There are quite a few ranking factors that determine whether Google’s going to rank you on the first page for any given keyword.
Over 200, in fact.
While SEO isn’t a central concern for some businesses, others can get a lot of mileage out of organic search traffic.
The more eyes you can get on your content, the better — even if they’re the eyes of leads at the very top of your sales funnel.
There’s one big thing that a lot of online business owners do wrong, and it can cost you that juicy organic traffic.
They neglect to optimize their URL.
Are your URLs an ugly, unwieldy string of numbers?
If so, it’s kind of a strike against you, as far as Google is concerned.
You want your URLs to be simple and readable.
Plus, it helps a lot to put your target keyword in there as well.
In a recent blog post, Neil Patel explains the value of a clean and simple URL structure.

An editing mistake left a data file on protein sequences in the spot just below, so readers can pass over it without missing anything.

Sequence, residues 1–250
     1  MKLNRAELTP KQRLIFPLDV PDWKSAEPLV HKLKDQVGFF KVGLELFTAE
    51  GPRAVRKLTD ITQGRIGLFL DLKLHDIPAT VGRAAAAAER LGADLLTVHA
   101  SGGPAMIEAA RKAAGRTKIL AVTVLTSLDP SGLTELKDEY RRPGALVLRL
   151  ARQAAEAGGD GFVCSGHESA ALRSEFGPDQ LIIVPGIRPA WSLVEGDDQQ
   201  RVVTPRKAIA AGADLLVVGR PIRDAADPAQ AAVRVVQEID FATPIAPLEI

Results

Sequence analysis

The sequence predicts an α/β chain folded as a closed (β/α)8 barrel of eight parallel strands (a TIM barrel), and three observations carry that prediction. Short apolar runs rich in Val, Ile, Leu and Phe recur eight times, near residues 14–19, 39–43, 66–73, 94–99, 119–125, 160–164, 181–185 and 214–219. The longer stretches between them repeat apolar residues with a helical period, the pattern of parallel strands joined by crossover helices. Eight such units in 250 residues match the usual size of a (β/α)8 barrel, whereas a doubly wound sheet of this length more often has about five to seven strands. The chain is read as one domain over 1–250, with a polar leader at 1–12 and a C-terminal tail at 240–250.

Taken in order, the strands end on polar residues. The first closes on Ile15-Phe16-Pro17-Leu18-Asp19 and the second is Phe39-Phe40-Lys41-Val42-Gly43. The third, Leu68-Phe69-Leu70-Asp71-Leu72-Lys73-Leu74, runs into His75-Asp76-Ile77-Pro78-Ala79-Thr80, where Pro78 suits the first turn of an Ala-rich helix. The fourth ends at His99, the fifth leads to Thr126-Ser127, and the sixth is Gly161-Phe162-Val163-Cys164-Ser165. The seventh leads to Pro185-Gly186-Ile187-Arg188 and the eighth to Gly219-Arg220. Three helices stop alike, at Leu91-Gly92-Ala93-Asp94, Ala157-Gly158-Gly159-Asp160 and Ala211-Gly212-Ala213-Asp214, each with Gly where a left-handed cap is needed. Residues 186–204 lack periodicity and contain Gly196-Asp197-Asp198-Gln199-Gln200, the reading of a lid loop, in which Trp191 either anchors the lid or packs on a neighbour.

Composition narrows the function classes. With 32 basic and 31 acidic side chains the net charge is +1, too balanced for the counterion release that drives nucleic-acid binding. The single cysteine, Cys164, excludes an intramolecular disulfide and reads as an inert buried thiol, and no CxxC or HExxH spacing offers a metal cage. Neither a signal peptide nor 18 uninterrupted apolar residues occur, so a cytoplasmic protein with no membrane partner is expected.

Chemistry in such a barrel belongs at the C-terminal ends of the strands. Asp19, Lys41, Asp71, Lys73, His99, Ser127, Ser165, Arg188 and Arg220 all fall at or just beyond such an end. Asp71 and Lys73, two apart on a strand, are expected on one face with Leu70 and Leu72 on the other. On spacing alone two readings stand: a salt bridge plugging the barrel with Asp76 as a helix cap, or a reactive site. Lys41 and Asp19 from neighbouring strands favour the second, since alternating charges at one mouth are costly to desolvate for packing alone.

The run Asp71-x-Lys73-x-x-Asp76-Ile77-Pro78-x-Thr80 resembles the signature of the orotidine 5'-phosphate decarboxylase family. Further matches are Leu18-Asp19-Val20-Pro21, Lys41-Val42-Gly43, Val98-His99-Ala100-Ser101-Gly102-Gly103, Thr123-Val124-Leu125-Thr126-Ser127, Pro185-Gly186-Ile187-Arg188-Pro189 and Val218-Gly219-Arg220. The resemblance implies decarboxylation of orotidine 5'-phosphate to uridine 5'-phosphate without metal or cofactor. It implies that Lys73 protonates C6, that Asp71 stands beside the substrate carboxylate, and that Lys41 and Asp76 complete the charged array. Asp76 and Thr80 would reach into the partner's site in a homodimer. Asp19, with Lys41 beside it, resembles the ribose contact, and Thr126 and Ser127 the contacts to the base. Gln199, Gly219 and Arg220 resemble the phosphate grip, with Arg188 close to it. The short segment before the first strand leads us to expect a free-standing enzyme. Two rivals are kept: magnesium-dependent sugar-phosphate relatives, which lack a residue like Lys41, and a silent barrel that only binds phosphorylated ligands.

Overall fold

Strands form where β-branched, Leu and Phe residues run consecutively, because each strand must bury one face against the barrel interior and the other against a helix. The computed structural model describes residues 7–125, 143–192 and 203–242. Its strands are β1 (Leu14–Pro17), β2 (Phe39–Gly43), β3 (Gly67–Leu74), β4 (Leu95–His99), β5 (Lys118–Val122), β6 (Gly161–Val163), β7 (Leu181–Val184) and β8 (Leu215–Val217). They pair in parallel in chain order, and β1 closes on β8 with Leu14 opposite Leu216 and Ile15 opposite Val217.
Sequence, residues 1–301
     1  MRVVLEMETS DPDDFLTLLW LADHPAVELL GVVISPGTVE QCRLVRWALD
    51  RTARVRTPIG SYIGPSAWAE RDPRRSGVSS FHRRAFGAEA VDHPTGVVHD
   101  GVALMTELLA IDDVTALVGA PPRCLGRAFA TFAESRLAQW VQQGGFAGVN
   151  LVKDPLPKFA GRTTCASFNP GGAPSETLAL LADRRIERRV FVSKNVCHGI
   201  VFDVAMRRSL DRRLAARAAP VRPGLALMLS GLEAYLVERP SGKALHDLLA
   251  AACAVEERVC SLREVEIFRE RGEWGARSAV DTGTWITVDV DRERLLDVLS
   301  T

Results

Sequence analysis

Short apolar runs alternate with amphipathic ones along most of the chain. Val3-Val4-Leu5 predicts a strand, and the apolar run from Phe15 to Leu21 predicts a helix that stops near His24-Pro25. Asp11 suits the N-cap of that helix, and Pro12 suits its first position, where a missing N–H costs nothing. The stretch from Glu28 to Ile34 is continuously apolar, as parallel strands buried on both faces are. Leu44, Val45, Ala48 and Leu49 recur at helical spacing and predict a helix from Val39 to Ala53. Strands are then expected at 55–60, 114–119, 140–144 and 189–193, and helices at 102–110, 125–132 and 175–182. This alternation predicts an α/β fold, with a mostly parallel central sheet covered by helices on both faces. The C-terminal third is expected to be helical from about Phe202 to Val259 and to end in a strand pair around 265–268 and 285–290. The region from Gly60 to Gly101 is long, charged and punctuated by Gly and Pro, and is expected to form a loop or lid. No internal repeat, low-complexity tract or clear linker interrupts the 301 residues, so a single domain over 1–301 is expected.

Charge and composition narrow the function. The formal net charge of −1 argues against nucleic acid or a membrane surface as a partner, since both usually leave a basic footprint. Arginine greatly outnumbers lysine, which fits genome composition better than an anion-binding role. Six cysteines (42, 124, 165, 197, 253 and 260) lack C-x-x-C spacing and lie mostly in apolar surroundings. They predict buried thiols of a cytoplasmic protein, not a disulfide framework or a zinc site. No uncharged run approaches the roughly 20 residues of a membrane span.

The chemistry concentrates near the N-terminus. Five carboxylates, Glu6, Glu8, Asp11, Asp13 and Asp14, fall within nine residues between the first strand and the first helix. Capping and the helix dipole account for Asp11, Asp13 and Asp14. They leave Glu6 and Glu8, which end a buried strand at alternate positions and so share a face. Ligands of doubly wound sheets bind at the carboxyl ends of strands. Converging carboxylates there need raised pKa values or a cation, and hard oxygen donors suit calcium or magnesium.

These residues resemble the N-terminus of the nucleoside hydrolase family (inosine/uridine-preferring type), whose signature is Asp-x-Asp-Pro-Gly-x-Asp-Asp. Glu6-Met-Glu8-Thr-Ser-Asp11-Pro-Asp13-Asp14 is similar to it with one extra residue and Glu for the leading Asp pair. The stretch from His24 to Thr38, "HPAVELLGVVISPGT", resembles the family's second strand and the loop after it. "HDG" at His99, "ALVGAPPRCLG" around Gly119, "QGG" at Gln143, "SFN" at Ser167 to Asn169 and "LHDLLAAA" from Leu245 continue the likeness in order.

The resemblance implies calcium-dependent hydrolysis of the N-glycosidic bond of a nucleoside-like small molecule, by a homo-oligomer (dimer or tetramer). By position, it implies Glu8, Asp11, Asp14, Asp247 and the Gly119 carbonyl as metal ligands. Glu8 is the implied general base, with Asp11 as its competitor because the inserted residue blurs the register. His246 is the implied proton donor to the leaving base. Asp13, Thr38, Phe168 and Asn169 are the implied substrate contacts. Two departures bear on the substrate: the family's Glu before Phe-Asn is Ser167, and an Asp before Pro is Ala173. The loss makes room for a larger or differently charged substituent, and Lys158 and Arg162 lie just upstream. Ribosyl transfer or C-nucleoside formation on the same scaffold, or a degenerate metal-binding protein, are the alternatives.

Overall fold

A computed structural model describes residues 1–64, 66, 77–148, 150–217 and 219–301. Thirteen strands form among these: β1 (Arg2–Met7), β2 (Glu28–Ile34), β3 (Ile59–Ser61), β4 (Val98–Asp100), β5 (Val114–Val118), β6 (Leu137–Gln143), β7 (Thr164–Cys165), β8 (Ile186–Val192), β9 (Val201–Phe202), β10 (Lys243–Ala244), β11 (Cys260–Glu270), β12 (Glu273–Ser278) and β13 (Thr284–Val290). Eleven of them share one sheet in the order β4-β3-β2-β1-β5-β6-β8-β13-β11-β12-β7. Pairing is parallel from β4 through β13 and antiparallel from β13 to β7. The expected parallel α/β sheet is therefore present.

Keep it simple and consistent
Think of search engines as those stable, consistent, and responsible individuals in life.
They don’t like too much excitement or change, nor do they like surprises.
They are looking for readability, steadiness, and consistency.
[image source: Neil Patel]
URLs are fundamentally classified into two basic types:
Dynamic URLs change and include parameters. Static URLs stay the same as long as no changes are made within the HTML.
They are consistent — and when it comes to URL structure, consistency is key for ranking purposes.
As a result, you always want to shoot for static URLs over dynamic ones with parameters. So always opt for static, human-readable URLs like this:
Instead of this:
Another important factor to keep in mind when it comes to keeping things simple is the length of your URL.
Use short URLs (the shorter the better), as they tend to rank higher on Google’s first page.
Shorter URLs enhance the user experience, instill trust in the web browser, and are optimized for sharing.
The recommended character length is listed at no longer than 2,083 characters max — and this is a generous number.
Ideally, you really don’t want them to be anywhere near this number.
Keeping it short and simple keep it memorable.
You can find more tips for URL best practices over at Neil Patel’s blog.